Recently in Department of Mental Hygiene v. Hawley (1963) 59 Cal. 2d 247 [28 Cal. Rptr. 718, 379 P.2d 22], the department, relying upon this same section 6650, attempted to collect from a father for the cost of care, support and maintenance in a state hospital for the mentally ill or insane of his son who had been charged with crime, but before trial of the criminal issue (and obviously without adjudication of that issue) had been found by the court to be insane and committed to such state hospital. We there held (pp. 255-256 [6]) that "The enactment and administration of laws providing [60 Cal. 2d 720] for sequestration and treatment of persons in appropriate state institutions--subject of course, to the constitutional guaranties--who would endanger themselves or others if at large is a proper state function; being so, it follows that the expense of providing, operating and maintaining such institutions should (subject to reasonable exceptions against the inmate or his estate) be borne by the state." (Italics added.) We further held that recovery could not constitutionally be had against the father of the committed patient. This holding is dispositive of the issue before us. [2] Whether the commitment is incidental to an alleged violation of a penal statute, as in Hawley, or is essentially a civil commitment as in the instant case, the purposes of confinement and treatment or care in either case encompass the protection of society from the confined person, and his own protection and possible reclamation as a productive member of the body politic. Hence the cost of maintaining the state institution, including provision of adequate care for its inmates, cannot be arbitrarily charged to one class in the society; such assessment violates the equal protection clause.

[1b] Although numerous cases can be cited wherein so-called support statutes have been sustained against various attacks, fn. 5 research has disclosed no case which squarely faced, considered, discussed and sustained fn. 6 such statutes in the [60 Cal. 2d 721] light of the basic question as to equal protection of the law in a case wherein it was sought to impose liability upon one person for the support of another in a state institution. No such constitutional issue appears to have received either consideration or documented resolution in Department of Mental Hygiene v. McGilvery (1958) supra, 50 Cal. 2d 742 (see pp. 754-761, esp. p. 760 [22] wherein in this respect it is commented merely that "the present claim of unlawful classification may not properly be sustained"); neither is there any mention of either the United States or the California Constitutions in Department of Mental Hygiene v. Shane (1956) 142 Cal. App. 2d Supp. 881 [299 P.2d 747], relied on in McGilvery with the statement (p. 752 [6] of 50 Cal.2d), "The present case cannot be distinguished from that case." It is axiomatic that cases are not authority for propositions not considered (McDowell & Craig v. City of Santa Fe Springs (1960) 54 Cal. 2d 33, 38 [5] [4 Cal. Rptr. 176, 351 P.2d 344]; Maguire v. Hibernia S. & L. Soc. (1944) 23 Cal. 2d 719, 730 [4] [146 P.2d 673, 151 A.L.R. 1062]), and the Shane case obviously does not give substance to McGilvery on the subject constitutional issue.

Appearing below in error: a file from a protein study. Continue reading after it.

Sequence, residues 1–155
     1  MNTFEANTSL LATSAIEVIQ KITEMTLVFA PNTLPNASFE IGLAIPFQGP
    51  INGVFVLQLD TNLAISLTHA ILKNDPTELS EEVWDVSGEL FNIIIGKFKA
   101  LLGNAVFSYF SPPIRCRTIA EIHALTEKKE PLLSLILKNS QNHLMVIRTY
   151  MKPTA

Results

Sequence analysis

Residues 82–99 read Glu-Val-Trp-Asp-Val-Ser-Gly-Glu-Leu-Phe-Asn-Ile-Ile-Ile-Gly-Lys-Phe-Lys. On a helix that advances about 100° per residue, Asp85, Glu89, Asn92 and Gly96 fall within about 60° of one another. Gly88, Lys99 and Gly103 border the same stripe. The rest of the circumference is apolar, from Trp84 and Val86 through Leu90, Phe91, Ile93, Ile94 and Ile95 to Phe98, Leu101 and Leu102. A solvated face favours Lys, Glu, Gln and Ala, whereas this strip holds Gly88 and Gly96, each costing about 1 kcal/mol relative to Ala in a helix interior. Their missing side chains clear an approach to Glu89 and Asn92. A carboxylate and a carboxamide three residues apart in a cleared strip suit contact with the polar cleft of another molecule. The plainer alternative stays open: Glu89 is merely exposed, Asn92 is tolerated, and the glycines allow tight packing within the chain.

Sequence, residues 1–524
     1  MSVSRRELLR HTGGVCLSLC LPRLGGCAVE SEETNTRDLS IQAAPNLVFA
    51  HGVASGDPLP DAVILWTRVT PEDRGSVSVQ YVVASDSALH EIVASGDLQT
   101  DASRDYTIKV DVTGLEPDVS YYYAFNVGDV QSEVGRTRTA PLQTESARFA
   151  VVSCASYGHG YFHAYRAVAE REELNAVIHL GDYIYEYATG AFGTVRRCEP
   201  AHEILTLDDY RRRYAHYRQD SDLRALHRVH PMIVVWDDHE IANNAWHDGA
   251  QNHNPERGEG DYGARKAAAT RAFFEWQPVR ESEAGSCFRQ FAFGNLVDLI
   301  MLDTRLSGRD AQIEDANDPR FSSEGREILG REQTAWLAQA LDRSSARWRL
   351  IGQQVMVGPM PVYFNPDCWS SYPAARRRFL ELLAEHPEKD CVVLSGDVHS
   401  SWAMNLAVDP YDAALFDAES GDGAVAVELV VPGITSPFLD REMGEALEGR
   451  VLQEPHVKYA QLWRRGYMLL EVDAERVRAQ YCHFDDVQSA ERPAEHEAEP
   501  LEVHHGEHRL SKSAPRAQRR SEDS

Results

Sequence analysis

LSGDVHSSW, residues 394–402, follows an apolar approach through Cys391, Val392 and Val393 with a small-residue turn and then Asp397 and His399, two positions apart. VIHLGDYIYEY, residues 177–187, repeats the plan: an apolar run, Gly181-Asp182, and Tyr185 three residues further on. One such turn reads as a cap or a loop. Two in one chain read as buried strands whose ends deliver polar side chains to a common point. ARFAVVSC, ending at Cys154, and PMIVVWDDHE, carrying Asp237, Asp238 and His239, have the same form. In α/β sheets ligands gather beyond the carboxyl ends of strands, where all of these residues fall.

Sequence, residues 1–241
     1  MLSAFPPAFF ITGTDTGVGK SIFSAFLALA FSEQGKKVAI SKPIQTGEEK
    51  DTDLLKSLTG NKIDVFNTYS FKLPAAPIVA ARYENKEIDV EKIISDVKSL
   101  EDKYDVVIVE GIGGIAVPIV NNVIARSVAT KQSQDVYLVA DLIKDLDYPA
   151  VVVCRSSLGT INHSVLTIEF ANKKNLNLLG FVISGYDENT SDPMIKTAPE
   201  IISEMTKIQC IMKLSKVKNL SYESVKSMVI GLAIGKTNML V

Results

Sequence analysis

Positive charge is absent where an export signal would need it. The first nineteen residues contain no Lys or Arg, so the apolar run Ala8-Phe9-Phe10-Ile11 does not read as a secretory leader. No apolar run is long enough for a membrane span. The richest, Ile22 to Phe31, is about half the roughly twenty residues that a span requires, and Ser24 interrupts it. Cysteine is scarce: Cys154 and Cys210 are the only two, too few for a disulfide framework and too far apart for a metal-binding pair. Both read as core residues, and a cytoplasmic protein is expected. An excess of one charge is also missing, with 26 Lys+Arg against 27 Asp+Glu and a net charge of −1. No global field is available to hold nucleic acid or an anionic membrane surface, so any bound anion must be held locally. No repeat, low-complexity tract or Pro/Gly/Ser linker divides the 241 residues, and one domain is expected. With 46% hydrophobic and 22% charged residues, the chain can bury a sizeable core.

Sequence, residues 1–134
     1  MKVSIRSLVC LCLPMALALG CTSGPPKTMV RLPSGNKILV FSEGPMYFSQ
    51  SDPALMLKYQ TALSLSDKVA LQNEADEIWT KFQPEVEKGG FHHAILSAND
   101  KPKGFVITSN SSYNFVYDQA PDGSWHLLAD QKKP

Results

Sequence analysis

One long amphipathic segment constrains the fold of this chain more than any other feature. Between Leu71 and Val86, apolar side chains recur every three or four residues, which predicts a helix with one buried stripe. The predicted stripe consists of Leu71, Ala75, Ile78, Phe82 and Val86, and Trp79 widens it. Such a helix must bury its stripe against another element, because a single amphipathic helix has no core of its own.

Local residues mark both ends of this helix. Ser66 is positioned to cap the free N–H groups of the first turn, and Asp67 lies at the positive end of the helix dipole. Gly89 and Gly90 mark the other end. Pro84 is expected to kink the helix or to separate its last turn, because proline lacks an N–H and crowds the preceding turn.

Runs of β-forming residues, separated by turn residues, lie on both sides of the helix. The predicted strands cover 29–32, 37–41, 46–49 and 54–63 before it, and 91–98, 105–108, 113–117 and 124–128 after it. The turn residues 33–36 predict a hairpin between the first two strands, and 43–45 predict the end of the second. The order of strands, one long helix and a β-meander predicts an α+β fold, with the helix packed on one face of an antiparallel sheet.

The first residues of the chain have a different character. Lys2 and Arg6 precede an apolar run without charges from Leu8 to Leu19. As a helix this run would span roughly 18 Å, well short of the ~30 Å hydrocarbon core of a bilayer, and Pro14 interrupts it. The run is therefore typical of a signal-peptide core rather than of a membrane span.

We note that in Hoeper v. Tax Commission (1931) 284 U.S. 206 [52 S. Ct. 120, 76 L. Ed. 248, 78 A.L.R. 346], family relationship was not found an adequate basis for sustaining a statute under which the state attempted to assess an income tax against the husband measured in part by his wife's separate property income; the court there observed ([284 U.S.] p. 217 [76 L.Ed. p. 252, 78 A.L.R. p. 349]), "The State is forbidden to deny due process of law or the equal protection of the laws for any purpose whatsoever." (Italics added.) Further, in Estate of Tetsubumi Yano (1922) 188 Cal. 645, 656-657 [14] [206 P. 995], blood relationship was found insufficient to constitute a basis for discrimination against a citizen minor whose father because of his race was (under a then held valid statute) ineligible for citizenship. (See also Oyama v. State of California (1948) 332 U.S. 633 [68 S. Ct. 269, 92 L. Ed. 249].) It is established in this state that the mere presence of wealth or lack thereof in an individual citizen cannot be the basis for valid class discrimination (Dribin v. Superior Court (1951) 37 Cal. 2d 345, 348-350 [1] [231 P.2d 809, 24 A.L.R.2d 864] [holding that a statute purporting to authorize a divorce from an insane spouse but limiting it to only those who could prove financial responsibility, constituted "arbitrary and unreasonable class discrimination"]) and in [60 Cal. 2d 722] the same case (at p. 352 [11]) we declared "It is elementary that 'The insane have always been regarded as subject to control on the part of the state, both for their protection and for the protection of others.' " (Italics added.)